Tech at Night

Have to say, sometimes enforcement of things is rather inconsistent in this country.

If you or I (or Aaron Swartz) were caught making unauthorized access to other people’s computer equipment, to engage in a Denial of Service attack, we’d risk criminal charges. Marriott International? Not so much.

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Tech at Night: Net Neutrality update

On October 4, 2014, in General, by Neil Stevens
Tech at Night

The fact that the Net Neutrality and “Title II Reclassification” debates are being driven by myths and falsehoods seems to be getting out.

Which is why we now see them getting more desperate.

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Tech at Night

I’m old enough to remember 2001. Back in the early days of the Bush administration, the new Bush FCC took an active role in enforcing the decency rules that had gotten pretty much ignored under the Clinton administration. This enforcement culminated with the 2004 Super Bowl halftime show, featuring Janet Jackson.

Democrats naturally were outraged. But, fast forward ten years, and now Democrats are talking about pushing their own broadcast decency preferences, against the Washington Redskins.

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Tech at Night: Nobody cares about privacy, not even criminals

On September 30, 2014, in General, by Neil Stevens
Tech at Night

I’m sure everyone’s tired of my saying it, but nobody cares about privacy. That’s why texting and Gmail are so popular, nobody does end-to-end encryption, Facebook is nearly ubiquitous, and nude photos keep getting broadcast everywhere.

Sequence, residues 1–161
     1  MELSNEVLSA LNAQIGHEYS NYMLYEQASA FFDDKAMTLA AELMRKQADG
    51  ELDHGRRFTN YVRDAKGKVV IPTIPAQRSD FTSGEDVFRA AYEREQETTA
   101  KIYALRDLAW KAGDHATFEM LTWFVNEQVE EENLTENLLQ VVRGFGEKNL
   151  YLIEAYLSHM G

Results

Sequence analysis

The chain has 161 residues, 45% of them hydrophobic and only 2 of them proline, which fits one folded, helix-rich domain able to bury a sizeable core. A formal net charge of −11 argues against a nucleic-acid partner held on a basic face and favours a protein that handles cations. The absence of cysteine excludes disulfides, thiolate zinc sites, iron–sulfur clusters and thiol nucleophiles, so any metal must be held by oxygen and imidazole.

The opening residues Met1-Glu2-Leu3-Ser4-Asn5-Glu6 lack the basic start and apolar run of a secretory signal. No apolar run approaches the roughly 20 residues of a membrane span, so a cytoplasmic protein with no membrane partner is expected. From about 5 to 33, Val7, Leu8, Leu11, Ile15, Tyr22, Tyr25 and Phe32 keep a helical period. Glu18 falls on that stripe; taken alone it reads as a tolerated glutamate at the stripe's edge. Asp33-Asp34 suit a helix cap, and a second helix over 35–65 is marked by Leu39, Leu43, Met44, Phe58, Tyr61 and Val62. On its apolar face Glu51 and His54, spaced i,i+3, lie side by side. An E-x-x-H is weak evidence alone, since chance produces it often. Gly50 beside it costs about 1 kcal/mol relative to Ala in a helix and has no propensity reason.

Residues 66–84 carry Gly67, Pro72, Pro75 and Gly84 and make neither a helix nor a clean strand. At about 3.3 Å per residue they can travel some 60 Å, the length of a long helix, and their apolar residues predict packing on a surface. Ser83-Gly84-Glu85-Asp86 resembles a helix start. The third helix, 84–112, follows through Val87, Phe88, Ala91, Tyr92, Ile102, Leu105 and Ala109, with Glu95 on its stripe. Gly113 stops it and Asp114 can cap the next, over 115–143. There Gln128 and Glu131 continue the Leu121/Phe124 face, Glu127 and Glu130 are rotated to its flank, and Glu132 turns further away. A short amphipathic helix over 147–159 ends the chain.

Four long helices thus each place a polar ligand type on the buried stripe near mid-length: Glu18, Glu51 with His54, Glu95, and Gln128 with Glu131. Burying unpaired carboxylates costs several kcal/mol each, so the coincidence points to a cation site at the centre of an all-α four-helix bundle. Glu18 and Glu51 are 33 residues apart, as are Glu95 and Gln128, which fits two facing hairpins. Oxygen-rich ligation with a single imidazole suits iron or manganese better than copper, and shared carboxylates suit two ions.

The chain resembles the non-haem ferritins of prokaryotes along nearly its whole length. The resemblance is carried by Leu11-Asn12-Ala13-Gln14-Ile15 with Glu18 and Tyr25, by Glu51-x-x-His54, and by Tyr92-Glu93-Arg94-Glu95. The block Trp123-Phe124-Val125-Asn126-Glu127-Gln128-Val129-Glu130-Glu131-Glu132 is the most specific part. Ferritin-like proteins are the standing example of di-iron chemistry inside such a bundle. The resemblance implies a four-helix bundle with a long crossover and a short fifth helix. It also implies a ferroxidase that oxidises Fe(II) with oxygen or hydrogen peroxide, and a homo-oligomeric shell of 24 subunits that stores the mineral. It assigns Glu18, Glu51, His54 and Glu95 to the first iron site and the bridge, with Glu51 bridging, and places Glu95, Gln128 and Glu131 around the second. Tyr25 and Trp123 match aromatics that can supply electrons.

This is why it’s so silly to keep trying to obstruct NSA going after the bad guys, when people’s non-existent privacy practices are broadcasting all of that data and metadata anyway. Let’s get serious.

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Tech at Night

Imagine a safe, one used to store important papers, extreme valuables, or even guns. When we put our things into a safe, to keep things secure against a determined thief. It’s very important they aren’t able to get in and take these things, so we ensure our safes are very difficult to open without authorization. The idea that we’d have a secret back door that could be exploited to gain unauthorized access, perhaps by the manufacturer, bypassing our control of the lock, would be unthinkable.

Yet, this is exactly what Obama’s FBI head, James Comey, is asking for when it comes to the safes protecting our online data. It’s madness.